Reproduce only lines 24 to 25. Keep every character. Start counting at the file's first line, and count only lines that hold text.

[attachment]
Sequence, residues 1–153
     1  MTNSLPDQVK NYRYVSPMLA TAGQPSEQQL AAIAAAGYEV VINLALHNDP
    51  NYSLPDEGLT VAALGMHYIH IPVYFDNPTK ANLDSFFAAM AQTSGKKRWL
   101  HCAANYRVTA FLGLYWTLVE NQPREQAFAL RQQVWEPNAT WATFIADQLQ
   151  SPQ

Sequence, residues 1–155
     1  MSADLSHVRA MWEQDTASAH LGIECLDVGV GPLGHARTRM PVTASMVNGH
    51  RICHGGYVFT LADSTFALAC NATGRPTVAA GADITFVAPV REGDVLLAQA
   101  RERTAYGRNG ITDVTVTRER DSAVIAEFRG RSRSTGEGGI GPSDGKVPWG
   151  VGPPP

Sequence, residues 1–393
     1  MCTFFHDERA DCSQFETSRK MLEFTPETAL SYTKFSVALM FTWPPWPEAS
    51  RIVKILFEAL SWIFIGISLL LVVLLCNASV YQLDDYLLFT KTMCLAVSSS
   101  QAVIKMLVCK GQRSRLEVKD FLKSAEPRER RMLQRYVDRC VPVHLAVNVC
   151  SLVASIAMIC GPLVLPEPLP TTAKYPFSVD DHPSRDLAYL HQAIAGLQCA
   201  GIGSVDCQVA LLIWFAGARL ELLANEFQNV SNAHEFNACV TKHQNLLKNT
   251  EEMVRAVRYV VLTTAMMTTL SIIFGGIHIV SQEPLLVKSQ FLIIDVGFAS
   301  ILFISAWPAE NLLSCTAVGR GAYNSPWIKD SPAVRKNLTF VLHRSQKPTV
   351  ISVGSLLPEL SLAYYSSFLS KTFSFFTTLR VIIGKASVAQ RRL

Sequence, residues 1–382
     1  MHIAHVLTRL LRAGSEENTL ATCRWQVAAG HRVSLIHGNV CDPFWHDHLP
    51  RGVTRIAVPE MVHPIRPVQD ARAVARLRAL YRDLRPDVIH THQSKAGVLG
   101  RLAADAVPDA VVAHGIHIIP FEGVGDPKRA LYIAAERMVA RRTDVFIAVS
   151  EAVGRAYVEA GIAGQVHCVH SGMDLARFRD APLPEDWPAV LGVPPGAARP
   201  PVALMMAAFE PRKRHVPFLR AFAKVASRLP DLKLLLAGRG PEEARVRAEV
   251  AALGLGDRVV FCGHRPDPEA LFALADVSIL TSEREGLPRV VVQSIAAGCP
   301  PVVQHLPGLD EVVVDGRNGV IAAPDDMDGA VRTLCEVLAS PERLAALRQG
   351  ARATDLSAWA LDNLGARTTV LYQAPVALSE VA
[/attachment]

   151  EAVGRAYVEA GIAGQVHCVH SGMDLARFRD APLPEDWPAV LGVPPGAARP
   201  PVALMMAAFE PRKRHVPFLR AFAKVASRLP DLKLLLAGRG PEEARVRAEV